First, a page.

How to Repair Lawns After Construction

How to Repair Lawns After Construction

Spring is a great time to plan and execute projects around the home and yard. Many homeowners choose this time to build stone walls, remove problem trees, build patios, and even add-in a pool. With all the projects going on, the lawn is bound to sustain some damage while large trucks and foot traffic move in and out.  Spring is an important time for grass to grow and make sure it becomes established for summer. With spring on the way, our article this week will be on how to repair lawns after construction.

How to Repair Lawns After Construction

The first thing you will want to do before starting any restoration is to evaluate the damage. Have your soil tested and look around for any debris leftover. Make sure the debris is picked up so that it does not inhibit root growth or lead to bald patches when the lawn does grow back. Spread 6 to 8 inches of topsoil. This is especially important in spots where there are tire ruts and digging has occurred. You’ll also want to spread a high phosphorus type of fertilizer to encourage root growth.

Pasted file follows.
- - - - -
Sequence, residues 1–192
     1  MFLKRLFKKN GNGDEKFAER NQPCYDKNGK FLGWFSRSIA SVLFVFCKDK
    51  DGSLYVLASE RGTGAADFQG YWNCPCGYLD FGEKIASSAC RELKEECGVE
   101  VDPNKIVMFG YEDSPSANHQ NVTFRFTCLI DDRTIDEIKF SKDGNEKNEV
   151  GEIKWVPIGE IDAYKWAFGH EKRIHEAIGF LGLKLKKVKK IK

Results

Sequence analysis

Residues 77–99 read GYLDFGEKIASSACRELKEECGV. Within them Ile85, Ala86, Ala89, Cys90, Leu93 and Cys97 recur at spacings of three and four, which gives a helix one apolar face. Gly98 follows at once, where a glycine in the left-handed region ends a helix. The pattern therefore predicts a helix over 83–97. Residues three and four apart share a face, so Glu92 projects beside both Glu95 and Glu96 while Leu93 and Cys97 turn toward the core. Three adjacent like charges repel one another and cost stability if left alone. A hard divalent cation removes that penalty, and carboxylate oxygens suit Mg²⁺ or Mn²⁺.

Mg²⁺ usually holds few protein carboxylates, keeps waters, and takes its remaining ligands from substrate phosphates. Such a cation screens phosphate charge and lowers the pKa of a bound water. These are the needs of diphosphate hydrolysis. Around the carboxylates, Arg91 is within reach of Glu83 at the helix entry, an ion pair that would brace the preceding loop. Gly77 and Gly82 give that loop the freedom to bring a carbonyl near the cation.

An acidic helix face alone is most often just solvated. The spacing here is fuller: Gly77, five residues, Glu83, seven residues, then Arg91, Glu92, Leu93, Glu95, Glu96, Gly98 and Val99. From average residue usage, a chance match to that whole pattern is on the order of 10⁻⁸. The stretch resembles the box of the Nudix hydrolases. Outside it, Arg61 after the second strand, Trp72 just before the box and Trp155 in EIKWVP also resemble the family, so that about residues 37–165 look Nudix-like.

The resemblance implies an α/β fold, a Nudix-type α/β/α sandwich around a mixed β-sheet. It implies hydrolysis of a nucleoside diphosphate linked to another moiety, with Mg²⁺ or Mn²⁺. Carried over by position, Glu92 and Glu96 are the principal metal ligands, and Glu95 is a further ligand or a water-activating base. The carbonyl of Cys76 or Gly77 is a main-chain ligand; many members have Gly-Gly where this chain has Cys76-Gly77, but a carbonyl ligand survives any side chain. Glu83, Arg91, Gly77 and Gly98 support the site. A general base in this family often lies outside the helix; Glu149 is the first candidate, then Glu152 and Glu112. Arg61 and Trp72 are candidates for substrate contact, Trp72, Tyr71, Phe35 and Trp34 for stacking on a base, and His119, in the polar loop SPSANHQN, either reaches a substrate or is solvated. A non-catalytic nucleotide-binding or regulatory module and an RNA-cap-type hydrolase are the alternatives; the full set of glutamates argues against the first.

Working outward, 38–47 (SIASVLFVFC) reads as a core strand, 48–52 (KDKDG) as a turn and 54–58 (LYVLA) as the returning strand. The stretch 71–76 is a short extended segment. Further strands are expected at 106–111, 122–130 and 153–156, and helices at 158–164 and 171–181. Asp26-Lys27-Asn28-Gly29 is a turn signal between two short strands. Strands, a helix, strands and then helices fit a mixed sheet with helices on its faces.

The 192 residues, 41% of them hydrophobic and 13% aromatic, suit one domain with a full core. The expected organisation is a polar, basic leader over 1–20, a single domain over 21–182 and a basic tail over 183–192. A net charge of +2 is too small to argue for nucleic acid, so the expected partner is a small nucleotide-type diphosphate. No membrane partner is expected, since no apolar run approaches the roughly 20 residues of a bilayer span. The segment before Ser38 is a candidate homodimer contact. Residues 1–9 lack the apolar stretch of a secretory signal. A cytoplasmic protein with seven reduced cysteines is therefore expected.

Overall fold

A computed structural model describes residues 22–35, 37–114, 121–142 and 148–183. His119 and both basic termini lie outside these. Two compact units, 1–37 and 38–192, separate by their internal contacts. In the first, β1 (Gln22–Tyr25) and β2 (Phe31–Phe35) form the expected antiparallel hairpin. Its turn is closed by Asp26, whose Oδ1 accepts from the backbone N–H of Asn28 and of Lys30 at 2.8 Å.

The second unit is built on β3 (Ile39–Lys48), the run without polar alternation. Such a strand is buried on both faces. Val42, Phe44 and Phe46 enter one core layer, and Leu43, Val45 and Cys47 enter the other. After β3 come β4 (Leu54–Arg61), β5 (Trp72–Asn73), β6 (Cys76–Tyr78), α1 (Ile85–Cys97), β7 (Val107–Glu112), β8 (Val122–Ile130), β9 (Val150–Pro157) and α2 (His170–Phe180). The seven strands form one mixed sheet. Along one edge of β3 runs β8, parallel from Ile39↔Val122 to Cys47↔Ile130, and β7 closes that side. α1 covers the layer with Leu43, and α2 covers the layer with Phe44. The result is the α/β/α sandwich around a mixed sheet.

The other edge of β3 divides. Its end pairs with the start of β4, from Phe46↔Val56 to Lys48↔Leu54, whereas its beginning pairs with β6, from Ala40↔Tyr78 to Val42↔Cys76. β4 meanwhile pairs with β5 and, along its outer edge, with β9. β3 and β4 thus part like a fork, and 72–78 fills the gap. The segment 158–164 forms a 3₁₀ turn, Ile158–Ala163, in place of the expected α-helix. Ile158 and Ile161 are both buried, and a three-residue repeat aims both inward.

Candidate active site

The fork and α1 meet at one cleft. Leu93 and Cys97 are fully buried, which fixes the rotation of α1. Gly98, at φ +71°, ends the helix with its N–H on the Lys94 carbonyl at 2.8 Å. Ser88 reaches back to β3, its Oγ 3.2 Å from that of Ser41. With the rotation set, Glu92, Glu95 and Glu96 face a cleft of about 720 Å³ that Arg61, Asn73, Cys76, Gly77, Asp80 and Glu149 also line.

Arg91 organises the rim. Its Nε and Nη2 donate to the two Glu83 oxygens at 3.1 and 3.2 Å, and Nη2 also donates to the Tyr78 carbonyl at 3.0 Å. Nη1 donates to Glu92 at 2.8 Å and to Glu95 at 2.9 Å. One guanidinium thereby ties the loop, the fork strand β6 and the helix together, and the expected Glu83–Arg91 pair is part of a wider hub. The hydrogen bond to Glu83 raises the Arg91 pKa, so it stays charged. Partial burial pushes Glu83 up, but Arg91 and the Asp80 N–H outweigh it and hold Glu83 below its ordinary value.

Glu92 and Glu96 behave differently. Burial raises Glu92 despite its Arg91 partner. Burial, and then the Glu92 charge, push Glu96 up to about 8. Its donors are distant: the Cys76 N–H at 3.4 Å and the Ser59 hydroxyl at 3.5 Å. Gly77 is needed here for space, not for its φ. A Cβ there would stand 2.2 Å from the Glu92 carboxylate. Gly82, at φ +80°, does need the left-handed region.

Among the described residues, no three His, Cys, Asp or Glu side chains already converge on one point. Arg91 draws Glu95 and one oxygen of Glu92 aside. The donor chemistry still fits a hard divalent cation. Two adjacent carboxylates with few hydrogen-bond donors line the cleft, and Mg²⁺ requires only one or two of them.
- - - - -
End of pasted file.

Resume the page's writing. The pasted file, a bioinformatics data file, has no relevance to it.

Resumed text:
A common thing that will happen to lawns when construction is going is that the soil will become impacted. This makes it very difficult for roots to get air and water. To see if your lawn is impacted, stick a screwdriver into the dirt. If it doesn’t slide in easily in the first 6 inches, your lawn is definitely compacted. The best way to remedy this is to rent or purchase a core aerator. After the aeration is complete, you’ll want to spread a half-inch of compost on the lawn. If you do not have compost, you can usually pick it up at a recycling center.  Be cautious when aerating in the spring as it does encourage the growth of crabgrass.

After getting the soil healthy again, you’ll want to reseed the lawn. This is best done with a grass seed the establishes quickly such as perennial ryegrass. Cover the new seed with 1/8 inch of topsoil, then water the seeds every other day until they become established. After they become fully established, you can reduce the watering schedule to every other day depending on the weather. When your lawn does reestablish itself, try to keep foot traffic to a minimum. You will also not want to mow your lawn for 2 months after the lawn has established itself.

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